Tuesday, June 30, 2015

Was this the real battle?

I feel now, and have always felt, that gays should have the same rights under the law to enter into a marriage contract as anyone else does. When marriage is something that takes place in a courtroom, every citizen of the country has the right to sign a contract with anyone else. Here is where I get to say, "This is America, buddy", and sound like a redneck.

I am a politically moderate gay Mormon married man -- just so you know where I am coming from. I firmly believe that the Supreme Court of the United States made the correct decision on the recent gay marriage case correctly.

I am not required to support it on Facebook (though I do). I don't have to like all the rainbow photos (though I got to tell you that I am pleased for my friends who feel validated this week and wish them all the happiness in the world.)  If we have put the federal government in a position where they have to regulate marriage and marriage licensing, then everyone has the right to marry.

The bigger concern for me has always been of freedoms in general. I am not interested in forcing my moral code onto someone else, and I will not have them force theirs upon me.  Some things just feel wrong, and I would fight that fight until my fingers bleed.

The real issue is not that the government gets to regulate marriage for all, but quite the opposite. The government should not be in our homes and in our bedrooms. The fight, the issue we should have been fighting for is not the regulating of marriage but in putting marriage back in the hands of the people.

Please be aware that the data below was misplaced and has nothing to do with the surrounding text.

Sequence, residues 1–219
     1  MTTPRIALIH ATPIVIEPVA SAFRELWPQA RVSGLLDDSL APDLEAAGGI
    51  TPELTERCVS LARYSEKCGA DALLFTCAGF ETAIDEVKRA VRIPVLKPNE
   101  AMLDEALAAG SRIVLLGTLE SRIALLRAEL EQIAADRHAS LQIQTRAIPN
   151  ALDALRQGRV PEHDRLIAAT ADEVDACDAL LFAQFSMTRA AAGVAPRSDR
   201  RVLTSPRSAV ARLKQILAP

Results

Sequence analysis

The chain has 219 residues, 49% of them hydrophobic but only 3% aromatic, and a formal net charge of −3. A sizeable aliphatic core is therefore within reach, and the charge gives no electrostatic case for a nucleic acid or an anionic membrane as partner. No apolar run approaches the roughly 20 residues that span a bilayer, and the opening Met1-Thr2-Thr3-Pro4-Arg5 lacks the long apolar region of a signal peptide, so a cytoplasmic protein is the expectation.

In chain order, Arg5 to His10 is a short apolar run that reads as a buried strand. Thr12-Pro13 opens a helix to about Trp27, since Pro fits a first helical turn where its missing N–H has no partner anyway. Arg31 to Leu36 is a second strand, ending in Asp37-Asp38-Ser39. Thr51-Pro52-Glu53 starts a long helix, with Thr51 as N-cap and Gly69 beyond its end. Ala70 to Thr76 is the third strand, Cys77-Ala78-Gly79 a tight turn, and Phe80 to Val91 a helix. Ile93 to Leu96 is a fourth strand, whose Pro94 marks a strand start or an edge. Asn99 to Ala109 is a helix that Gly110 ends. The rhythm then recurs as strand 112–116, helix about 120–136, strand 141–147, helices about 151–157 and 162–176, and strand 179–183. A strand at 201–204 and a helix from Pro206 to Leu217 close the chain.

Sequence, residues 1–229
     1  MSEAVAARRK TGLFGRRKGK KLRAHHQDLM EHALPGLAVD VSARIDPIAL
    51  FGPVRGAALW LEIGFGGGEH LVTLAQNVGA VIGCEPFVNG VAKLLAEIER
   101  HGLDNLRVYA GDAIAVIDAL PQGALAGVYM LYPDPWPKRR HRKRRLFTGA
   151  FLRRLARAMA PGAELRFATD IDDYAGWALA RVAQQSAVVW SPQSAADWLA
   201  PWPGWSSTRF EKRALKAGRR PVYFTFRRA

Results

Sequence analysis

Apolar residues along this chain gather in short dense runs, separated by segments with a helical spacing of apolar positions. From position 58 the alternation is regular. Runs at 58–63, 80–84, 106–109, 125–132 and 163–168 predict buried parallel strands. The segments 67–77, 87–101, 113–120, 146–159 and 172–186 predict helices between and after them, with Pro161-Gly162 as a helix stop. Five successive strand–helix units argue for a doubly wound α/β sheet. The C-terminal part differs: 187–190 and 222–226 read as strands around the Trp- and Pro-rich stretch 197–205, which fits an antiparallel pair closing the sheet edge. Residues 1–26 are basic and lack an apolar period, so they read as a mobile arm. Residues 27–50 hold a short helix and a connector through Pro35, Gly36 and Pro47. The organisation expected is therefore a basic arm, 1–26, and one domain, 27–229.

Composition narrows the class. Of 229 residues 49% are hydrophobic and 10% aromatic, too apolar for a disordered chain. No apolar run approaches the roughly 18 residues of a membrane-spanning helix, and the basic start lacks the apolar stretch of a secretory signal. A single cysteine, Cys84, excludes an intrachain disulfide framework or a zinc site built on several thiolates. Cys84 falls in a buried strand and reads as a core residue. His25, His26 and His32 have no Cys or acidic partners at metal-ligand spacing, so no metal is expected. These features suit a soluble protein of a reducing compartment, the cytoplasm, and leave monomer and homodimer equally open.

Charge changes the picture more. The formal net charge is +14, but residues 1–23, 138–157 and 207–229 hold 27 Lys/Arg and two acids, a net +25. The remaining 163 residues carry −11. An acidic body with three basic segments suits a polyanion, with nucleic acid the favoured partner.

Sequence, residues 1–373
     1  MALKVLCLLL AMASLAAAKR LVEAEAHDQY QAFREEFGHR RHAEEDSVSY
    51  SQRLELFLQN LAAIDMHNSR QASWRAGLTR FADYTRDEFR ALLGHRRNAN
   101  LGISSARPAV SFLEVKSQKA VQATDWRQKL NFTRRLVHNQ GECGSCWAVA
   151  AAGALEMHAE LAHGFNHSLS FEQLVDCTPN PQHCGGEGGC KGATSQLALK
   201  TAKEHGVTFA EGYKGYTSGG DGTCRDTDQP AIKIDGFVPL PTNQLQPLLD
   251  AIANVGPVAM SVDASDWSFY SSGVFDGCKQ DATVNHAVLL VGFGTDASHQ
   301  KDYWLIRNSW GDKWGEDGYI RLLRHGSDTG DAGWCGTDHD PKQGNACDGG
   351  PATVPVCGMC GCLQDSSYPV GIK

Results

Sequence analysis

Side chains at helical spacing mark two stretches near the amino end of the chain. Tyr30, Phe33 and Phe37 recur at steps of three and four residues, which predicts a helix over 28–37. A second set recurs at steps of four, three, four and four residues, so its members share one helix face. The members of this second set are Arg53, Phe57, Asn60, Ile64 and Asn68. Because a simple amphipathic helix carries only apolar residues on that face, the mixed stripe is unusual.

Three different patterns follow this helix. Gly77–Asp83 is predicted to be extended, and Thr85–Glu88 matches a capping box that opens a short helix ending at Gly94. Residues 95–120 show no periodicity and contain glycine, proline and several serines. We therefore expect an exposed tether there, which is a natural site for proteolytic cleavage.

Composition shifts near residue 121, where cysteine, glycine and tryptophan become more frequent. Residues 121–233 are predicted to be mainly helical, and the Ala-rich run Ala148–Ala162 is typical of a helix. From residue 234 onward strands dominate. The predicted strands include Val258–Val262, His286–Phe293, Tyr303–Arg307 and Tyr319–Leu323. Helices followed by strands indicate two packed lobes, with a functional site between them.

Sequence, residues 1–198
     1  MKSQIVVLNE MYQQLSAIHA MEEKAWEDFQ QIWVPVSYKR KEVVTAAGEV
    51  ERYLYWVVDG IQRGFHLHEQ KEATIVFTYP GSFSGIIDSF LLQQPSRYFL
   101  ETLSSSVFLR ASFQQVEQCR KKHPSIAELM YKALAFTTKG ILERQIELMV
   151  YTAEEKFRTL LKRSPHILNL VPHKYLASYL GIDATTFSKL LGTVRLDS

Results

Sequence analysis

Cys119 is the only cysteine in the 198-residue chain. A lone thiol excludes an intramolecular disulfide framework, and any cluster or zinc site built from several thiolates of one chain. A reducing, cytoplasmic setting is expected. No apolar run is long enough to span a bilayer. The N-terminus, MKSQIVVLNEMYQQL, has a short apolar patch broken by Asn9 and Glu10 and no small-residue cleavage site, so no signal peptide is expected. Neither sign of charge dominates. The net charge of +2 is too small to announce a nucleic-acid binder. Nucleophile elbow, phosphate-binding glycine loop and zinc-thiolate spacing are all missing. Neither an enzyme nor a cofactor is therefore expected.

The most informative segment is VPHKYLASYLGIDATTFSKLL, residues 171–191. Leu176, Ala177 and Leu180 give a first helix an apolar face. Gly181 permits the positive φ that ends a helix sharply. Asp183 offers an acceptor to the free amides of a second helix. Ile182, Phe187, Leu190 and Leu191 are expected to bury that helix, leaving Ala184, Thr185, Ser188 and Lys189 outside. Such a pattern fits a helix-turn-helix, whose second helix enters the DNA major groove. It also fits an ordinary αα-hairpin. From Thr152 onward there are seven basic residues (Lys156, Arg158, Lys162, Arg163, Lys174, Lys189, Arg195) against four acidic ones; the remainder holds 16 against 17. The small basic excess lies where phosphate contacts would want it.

I support the right of two people to marry and I support the right of a pizzeria to cater any event they choose. I also support the right we have to attend the wedding or patronize that pizzeria – or not.

Where we go from here.  

First things first.  Congratulations to all the new married people. 

Next thing, and I believe the very next thing: There will be those who will use this week’s ruling to aggressively pursue religious institutions who choose not to marry gays -- which is exactly why several religious institutions have been engaged in pushing for personal and religious freedoms protection in courts of law. (Ah, who am I kidding.  I am talking Mormons and Catholics.)

The same morality that conservatives used to exclude homosexuals will now be aimed at those who do not share their personal beliefs. 

Your religion doesn't allow gays to marry?  Take that.

The SCOTUS answered the question in the right way but we should have been asking a different question. Our focus should have been wither we want the U.S. government to have a more say in anyone's marriage? 

What we have done is given the government itself a dose of Viagra. This ruling that we asked the supreme court to make has effectually enhanced the power of the federal government and lessened ours. The feds get to make the decisions now, and it shouldn't be their call. The final say should have been the peoples. 

We should have been trying to restrict government from having more than limited say in the marriage between two people. 

And now, the real battle starts.